That isn't to say that the Canaleros won't be dangerous, though. Despite getting manhandled at RFK last October, there are several players on the side that are a handful. Flank midfielder Ricardo Phillips is Panama's version of Manchester City and England national team midfielder Shaun Wright-Phillips. The diminutive Panama speedster gave the U.S. fits in the 1-1 tie. Since Greg Vanney struggled so mightily against him that night, it'll make it difficult for Arena to put him out there as the left back.
Up top, Roberto Brown will also be a player the U.S. is watching from the start, as the powerful striker not only scored Panama's lone goal at home last time around, but he also won several balls for his side and made U.S. defender Eddie Pope work extremely hard throughout the night. Where he struggles is in his run-making and ability to get pulled offsides. If Pope pulls his line up the way he did against Costa Rica, Brown will surely be caught more than a few times.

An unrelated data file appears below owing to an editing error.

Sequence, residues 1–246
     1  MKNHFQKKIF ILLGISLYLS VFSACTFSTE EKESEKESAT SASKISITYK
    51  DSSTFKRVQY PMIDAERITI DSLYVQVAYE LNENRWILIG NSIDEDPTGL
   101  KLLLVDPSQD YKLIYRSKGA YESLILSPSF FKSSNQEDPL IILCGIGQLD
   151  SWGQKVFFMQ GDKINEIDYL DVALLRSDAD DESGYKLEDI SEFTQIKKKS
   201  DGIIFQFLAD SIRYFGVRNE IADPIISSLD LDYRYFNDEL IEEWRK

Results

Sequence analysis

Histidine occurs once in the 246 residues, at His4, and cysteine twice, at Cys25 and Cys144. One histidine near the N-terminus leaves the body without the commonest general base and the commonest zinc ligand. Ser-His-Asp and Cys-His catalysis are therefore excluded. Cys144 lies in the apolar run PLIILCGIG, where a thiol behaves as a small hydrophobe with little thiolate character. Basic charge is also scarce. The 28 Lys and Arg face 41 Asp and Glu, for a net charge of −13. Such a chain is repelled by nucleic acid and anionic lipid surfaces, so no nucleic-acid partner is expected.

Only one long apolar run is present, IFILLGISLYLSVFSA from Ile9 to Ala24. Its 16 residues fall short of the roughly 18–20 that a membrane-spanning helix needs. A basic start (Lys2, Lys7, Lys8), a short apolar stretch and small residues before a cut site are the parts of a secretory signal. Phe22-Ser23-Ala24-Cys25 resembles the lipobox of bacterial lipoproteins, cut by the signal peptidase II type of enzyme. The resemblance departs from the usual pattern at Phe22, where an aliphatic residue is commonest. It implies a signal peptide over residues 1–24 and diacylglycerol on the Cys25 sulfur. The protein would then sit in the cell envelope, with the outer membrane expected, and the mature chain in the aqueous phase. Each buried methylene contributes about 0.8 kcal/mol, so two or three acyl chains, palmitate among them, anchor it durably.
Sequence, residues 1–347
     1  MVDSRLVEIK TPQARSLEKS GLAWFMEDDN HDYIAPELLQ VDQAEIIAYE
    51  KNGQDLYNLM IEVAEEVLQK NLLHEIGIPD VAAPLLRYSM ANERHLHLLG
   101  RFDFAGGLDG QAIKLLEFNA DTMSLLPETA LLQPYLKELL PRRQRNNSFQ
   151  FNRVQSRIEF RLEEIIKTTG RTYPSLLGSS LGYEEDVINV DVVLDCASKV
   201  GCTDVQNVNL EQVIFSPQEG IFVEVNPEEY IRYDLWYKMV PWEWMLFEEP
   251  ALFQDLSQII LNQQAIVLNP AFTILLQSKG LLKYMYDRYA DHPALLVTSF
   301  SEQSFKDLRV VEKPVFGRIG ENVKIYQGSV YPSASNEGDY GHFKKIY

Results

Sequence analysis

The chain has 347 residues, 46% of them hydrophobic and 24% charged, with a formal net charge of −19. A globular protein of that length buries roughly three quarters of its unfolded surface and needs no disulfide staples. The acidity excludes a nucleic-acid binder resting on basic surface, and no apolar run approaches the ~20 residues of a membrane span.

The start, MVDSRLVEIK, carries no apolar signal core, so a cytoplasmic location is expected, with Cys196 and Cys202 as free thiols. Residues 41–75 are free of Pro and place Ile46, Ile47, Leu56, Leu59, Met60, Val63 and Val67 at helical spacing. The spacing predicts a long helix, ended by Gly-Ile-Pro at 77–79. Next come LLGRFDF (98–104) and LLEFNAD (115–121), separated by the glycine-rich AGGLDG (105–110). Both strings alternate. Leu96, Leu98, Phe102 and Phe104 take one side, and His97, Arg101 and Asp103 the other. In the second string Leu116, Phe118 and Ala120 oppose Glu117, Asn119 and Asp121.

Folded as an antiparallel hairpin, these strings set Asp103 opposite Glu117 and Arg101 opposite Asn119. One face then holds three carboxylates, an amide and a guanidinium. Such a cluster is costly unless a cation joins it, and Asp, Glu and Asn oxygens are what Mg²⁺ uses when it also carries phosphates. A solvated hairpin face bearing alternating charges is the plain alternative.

Probably the most dangerous player for Panama will be Julio Medina. The creative midfielder likes to roam up to the left flank, but he'll also run the break from the center of the field. Medina has great vision and is unafraid to take chances, whether it's taking a shot from 35 yards out or by running at defenders.
Defensively, Panama's best player is Luis Moreno, who can play either as a center-back or on the right, but he'll be out due to yellow card accumulation. By and large, this is the weakest part of the side, which was obviously seen in the 6-0 loss in October. Unfortunately for the U.S., Eddie Johnson (turf toe) will not be available for the match. It was his hat trick that stunned the Reds in that aforementioned match. With Panama likely to attack with a vengeance since a victory is needed to stay alive, having Johnson and his speed up top would have been key for Arena and his side.
Instead, Arena will likely go with a partnership of Brian McBride and Josh Wolff up top. This duo played together in the 2-1 loss England on May 28th, and were two of the three forwards against Costa Rica over the weekend.